Go West, Young Rider
by John Dieckmann
When completed, the Mass Central Rail Trail (MCRT) will stretch 104 miles, from North Point Park (opposite the Museum of Science at the Boston-Cambridge line), all the way to Northampton. The Belmont Community Path would eventually be a segment of the MCRT. As the community path feasibility study moves forward here in Belmont, several towns to our immediate west are making ongoing progress developing segments of the trail.
The epicenter of trail progress today is Wayland, which is likely to be first to complete the projects listed below. We’ll describe the plans town-by-town in order heading westward, in Waltham, Weston, Wayland, and Sudbury.
WALTHAM. As the Belmont Citizens Forum reported in its November-December 2016 Newsletter, an RFP for the detailed design of the Waltham section was released in October, though it was soon rescinded in order to add more detail. Currently Waltham is redrafting the RFP to include information about a critical gap in the Waltham portion of about 3,800 feet, from Waverley Square to Beaver Street.
The town intends to pay for the detailed design using Waltham Community Preservation funds, then pay for construction with state and federal highway funds via the Boston Region Metropolitan Planning Organization, whose Transportation Improvement Plan allocates capital funding over a five-year period. In preparation, local residents have cleared the Waltham right-of-way during several volunteer days over the past two years. It has since been kept up almost single-handedly by Laurel Carpenter, a Lexington resident and leader of the Waltham Land Trust volunteer trail stewards. The Waltham right-of-way now is easily passable on foot or on mountain bike.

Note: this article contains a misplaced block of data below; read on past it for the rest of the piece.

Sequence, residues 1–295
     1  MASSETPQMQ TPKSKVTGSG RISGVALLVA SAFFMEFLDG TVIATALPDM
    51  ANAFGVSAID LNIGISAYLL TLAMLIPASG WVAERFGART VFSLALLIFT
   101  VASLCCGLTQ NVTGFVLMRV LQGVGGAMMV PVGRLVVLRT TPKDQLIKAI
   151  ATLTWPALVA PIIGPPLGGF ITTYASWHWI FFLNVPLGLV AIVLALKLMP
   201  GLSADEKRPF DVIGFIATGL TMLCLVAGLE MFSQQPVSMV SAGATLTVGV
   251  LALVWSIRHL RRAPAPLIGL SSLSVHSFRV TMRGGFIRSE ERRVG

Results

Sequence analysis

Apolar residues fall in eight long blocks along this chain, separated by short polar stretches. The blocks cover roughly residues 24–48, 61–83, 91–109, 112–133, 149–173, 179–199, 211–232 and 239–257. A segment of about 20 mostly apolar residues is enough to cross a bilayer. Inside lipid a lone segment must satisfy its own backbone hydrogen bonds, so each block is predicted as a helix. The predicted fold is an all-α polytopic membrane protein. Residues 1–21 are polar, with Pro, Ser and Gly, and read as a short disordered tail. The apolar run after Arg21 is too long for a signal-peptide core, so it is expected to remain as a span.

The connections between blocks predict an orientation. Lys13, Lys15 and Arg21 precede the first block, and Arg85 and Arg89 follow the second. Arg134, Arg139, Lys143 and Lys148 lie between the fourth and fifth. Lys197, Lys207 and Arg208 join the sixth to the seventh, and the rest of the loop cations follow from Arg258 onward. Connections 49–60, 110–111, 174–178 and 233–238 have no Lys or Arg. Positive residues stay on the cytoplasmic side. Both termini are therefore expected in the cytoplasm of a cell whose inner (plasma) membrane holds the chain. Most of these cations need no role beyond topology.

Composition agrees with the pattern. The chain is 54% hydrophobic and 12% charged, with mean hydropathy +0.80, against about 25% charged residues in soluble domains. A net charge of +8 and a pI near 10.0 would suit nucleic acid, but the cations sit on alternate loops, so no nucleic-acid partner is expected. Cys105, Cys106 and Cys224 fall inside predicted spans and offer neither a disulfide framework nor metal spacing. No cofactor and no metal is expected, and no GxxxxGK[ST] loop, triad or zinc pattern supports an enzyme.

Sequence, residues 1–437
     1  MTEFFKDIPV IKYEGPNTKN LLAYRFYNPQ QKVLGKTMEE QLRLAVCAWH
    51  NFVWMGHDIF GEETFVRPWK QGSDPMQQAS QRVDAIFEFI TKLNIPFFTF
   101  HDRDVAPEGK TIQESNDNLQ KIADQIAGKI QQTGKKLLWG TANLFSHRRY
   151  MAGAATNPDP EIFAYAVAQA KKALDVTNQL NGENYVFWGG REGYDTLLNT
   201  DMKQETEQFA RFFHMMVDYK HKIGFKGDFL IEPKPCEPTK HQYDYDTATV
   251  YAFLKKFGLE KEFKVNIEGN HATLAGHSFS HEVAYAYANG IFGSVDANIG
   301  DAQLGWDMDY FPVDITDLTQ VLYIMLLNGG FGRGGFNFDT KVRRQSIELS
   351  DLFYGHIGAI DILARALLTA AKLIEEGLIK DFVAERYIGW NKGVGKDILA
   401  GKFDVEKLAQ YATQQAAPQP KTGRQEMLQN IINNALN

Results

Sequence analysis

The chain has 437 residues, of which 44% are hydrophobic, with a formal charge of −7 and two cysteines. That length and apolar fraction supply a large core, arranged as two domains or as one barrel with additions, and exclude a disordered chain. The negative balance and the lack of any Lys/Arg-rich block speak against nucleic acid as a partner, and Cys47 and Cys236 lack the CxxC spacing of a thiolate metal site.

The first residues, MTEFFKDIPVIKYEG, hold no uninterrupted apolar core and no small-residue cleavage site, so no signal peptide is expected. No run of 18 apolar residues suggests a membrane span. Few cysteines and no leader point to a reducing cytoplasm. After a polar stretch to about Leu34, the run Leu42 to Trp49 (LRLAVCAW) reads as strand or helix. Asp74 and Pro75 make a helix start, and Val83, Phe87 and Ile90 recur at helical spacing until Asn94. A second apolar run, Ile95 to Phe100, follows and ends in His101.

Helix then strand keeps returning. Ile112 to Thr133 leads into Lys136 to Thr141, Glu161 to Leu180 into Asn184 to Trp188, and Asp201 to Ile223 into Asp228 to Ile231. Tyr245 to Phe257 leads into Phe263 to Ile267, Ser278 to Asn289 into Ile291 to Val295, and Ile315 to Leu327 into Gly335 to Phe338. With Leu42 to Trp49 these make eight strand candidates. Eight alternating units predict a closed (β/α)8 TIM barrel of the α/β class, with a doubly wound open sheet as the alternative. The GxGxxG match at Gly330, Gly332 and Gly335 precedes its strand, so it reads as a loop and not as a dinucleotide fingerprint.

WESTON. Planning and design is underway to continue the trail from the Waltham western border for three miles in Weston. An Eversource transmission line shares the Weston right-of-way; the company will build an access and maintenance road that it will share with the MCRT. (Eversource, formerly Northeast Utilities, merged with Boston-based NStar, and is New England’s largest energy provider.)
The ceremonial groundbreaking in Wayland. Manning the shovels, from left to right, are Cherry Carlson, chairwoman of the Wayland board of selectmen; Dan Hill, Wayland planning board member; and Larry Kiernan, leader of the Wayland Friends of the MCRT. Town Planner Sarki Sarkisian is just to the right of, and behind, Carlson. Both Carlson and Hill have been longtime local supporters of the MCRT.
WAYLAND. The access road from Weston will continue for about two miles into Wayland until it reaches the Wayland Depot. The project was presented to the Wayland Conservation Commission on October 20. The plan is for construction to get underway in spring of 2017.
From the Wayland depot, the MCRT crosses Routes 27 and 126 just north of Route 20 (Boston Post Road). A short segment (0.3 miles) runs westward until it crosses Route 20 near Russell’s Garden Center. A crowd of about 50 public officials and grassroots advocates was on hand for this segment’s groundbreaking November 15.
The MCRT right of way, looking eastward from the Wayland Depot Area.
SUDBURY. Going west from the Wayland project, again the ROW is shared with Eversource, who will be building another access road, again doubling as the MCRT, that will include the rest of Wayland (another mile) and all of Sudbury (five-and-a-half miles), joining with the Bruce Freeman Rail Trail (oriented north-south, through Framingham, Sudbury, Concord, Acton, Westford, Carlisle, and Chelmsford). This segment is advancing steadily, and will be the subject of an update in a future newsletter.
The MCRT right of way, looking westward toward Sudbury from the Wayland Depot Area.
Within a relatively few years, these segments of the MCRT could be complete, including the Belmont section. Belmont residents can look forward to traveling unimpeded from Somerville all the way to the Sudbury-Hudson town line, a distance of about 20 miles.
John Dieckmann is vice president of Belmont Citizens Forum and an avid cyclist.